Commitment Issues: Russell Westbrook’s Jordan Deal Could Spell Trouble In OKC

This summer, we saw plenty of players get what they wanted. Jimmy Butler wanted out of Chicago? Moved to the Timberwolves on draft night. Carmelo Anthony and Paul George both wanted to cleanse themselves from their franchise and to actually play for a competitor? Now they’re jumping to the Western Conference to team up with Russell Westbrook.

Kyrie Irving wanted to be out from under LeBron James’ shadow? Hope his confidence in himself is more reasonable than his theory the earth is flat, because he got his wish. It’s like Oprah walked around to each star during the offseason and gave everyone what they wanted like she used to do on her show. “YOU get what you want! YOU get what you want! EVERY STAR GETS WHAT THEY WANT!”

During the time period where every star seemingly got wanted, Westbrook did too in the form of a contract extension. Not with Oklahoma City, but with Jordan.

Since we last saw Russell Westbrook on the court as he did everything in his power to lift an entire city off of its foundation and to carry it through the playoffs including break Oscar Robertson’s triple-double record, there’s been a lot of changes in Oklahoma City. To address the two elephant-sized superstars in the room, it’s clear this is no longer just a one-man show as Westbrook finally got some help in the form of Carmelo Anthony and Paul George.

We should be giving Sam Presti the key to the city for giving the reigning MVP the firepower he needs to keep up in the West and to actually contend, but instead, we’re wondering why we’ve still yet to see Westbrook sign the dotted line and to extend his stay in the Sooner State longterm.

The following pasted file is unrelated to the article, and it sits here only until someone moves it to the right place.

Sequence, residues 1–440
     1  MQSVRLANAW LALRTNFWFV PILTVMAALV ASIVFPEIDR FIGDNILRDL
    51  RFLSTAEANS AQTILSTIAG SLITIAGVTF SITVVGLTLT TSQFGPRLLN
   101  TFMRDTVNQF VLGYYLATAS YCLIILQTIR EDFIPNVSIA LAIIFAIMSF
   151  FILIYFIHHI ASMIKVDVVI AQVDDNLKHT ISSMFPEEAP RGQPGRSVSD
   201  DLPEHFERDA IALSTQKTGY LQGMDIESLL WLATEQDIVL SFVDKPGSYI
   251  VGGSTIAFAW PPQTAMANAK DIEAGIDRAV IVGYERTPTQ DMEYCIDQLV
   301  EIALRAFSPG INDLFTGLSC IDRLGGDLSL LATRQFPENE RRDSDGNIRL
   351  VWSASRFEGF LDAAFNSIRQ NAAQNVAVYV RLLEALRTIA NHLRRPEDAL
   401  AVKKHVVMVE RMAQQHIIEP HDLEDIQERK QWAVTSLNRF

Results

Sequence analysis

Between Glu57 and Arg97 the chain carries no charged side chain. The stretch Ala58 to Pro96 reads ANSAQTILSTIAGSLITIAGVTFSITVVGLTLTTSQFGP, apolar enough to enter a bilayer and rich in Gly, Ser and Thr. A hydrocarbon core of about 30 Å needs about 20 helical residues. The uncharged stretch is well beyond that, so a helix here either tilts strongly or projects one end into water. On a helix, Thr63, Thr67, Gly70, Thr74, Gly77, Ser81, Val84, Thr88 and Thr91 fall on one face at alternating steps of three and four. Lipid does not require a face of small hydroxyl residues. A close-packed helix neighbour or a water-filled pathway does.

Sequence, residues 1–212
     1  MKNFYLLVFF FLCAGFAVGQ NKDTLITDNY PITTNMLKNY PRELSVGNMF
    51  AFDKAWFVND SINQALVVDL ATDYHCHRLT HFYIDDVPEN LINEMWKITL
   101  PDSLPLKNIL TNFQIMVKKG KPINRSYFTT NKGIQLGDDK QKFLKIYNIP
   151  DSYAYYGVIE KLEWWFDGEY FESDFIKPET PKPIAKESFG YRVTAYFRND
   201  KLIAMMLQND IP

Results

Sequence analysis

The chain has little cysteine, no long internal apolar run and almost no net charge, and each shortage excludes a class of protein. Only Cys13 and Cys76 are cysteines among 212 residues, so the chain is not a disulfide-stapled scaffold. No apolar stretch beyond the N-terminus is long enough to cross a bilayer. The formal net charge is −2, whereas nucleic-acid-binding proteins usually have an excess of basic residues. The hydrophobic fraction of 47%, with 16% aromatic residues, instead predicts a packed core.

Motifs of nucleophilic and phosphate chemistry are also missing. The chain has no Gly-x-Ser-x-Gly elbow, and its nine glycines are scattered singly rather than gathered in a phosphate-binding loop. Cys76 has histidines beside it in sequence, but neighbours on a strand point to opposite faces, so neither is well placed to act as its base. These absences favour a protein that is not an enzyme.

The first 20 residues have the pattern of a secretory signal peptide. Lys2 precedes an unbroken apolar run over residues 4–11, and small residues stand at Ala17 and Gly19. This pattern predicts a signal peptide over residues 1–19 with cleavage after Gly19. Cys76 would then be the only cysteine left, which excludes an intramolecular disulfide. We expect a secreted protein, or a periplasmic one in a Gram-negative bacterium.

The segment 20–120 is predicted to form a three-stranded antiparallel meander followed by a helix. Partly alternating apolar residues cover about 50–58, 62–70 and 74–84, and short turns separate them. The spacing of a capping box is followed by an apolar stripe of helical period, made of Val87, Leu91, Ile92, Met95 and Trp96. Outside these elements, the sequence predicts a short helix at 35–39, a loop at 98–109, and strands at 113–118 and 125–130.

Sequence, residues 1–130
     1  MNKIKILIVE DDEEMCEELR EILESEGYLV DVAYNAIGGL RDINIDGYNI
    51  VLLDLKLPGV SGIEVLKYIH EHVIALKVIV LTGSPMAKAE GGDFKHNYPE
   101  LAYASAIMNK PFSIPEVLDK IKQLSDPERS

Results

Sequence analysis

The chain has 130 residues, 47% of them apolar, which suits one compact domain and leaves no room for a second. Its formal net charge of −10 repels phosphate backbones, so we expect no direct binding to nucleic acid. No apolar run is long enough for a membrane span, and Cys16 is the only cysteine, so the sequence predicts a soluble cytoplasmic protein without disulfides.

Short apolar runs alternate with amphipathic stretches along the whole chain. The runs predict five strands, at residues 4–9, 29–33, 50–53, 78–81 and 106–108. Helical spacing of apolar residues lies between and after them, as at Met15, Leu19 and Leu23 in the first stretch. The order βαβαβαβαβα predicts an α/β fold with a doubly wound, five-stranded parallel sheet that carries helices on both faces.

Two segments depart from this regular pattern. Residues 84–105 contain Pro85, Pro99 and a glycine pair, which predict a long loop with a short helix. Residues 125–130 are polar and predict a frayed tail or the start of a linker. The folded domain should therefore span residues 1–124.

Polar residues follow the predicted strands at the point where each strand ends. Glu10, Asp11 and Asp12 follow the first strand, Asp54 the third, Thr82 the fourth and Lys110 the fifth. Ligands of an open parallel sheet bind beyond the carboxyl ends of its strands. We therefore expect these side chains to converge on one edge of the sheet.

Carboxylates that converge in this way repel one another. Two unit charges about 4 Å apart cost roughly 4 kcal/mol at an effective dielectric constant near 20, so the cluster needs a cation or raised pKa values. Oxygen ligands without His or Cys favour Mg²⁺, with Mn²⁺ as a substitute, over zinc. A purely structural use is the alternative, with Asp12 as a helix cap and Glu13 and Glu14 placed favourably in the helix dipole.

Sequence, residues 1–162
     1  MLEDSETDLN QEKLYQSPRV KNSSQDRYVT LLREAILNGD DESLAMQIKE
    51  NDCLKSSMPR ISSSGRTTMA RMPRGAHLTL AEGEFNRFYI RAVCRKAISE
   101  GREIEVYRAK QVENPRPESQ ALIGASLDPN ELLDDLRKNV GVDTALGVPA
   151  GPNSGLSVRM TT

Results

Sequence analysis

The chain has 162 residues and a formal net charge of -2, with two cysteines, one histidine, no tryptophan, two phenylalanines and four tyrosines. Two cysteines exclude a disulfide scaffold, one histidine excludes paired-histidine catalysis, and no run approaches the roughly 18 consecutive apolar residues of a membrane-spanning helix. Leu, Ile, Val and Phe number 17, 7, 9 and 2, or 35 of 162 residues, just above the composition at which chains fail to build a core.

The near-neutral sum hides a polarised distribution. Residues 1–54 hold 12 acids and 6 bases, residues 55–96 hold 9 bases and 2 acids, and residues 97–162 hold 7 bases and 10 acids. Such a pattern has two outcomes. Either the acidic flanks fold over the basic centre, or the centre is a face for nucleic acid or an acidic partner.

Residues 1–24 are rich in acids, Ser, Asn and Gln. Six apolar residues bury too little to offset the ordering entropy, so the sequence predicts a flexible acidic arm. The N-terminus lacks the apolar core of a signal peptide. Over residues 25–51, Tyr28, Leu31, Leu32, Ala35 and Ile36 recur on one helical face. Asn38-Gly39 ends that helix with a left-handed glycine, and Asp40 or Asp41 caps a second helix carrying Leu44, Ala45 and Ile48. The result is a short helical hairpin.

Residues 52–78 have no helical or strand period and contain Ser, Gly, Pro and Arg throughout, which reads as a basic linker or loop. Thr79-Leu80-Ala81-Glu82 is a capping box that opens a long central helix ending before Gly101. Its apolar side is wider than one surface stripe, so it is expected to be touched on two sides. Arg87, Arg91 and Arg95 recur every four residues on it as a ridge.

As Westbrook always does, he provided an answer. Sometimes he’ll give us an answer on how he’s feeling through his ridiculous attire or through a perfectly timed video he’ll post on social media, but we don’t have to break out the magnifying glasses for some detective work this time. He flat out gave a reason why he hasn’t signed a contract extension with the Thunder when the team was introducing himself and his two teammates together for the first time.

If you are currently finished watching that video and have caught yourself nodding along then that means you are either a mother/father to your own beautiful child, or are a babysitter with some serious boundary issues. Diving into the wide world of fatherhood is a perfectly good reason to not deal with signing an extension that wouldn’t kick in until 2019. Yet it wasn’t an appearance of his child that caught the attention of many, but a sighting of his other baby.

His first exclusive sneaker following his massive contract extension with Jordan.

Some sneakerheads might think these are actually way more important than any baby Westbrook can carry into a press conference even if he does it “Lion King” style, but the importance lies within the contract that got him these signature on-court sneakers.

As of September 13th, Russell Westbrook signed a 10-year contract extension with Nike’s Jordan Brand, making him the highest-paid endorser in the history of the brand.